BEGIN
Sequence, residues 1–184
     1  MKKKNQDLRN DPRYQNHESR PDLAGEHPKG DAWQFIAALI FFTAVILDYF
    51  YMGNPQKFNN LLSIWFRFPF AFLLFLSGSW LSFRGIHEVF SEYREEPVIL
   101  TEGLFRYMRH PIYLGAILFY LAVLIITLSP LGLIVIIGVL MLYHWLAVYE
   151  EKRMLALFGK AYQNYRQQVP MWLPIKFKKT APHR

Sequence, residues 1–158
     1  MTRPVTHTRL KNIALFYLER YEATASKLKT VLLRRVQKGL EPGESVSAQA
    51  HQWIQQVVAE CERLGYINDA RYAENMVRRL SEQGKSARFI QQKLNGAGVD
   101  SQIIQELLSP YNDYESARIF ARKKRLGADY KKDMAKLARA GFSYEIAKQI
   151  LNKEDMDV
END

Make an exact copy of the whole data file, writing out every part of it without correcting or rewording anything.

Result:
Sequence, residues 1–184
     1  MKKKNQDLRN DPRYQNHESR PDLAGEHPKG DAWQFIAALI FFTAVILDYF
    51  YMGNPQKFNN LLSIWFRFPF AFLLFLSGSW LSFRGIHEVF SEYREEPVIL
   101  TEGLFRYMRH PIYLGAILFY LAVLIITLSP LGLIVIIGVL MLYHWLAVYE
   151  EKRMLALFGK AYQNYRQQVP MWLPIKFKKT APHR

Sequence, residues 1–158
     1  MTRPVTHTRL KNIALFYLER YEATASKLKT VLLRRVQKGL EPGESVSAQA
    51  HQWIQQVVAE CERLGYINDA RYAENMVRRL SEQGKSARFI QQKLNGAGVD
   101  SQIIQELLSP YNDYESARIF ARKKRLGADY KKDMAKLARA GFSYEIAKQI
   151  LNKEDMDV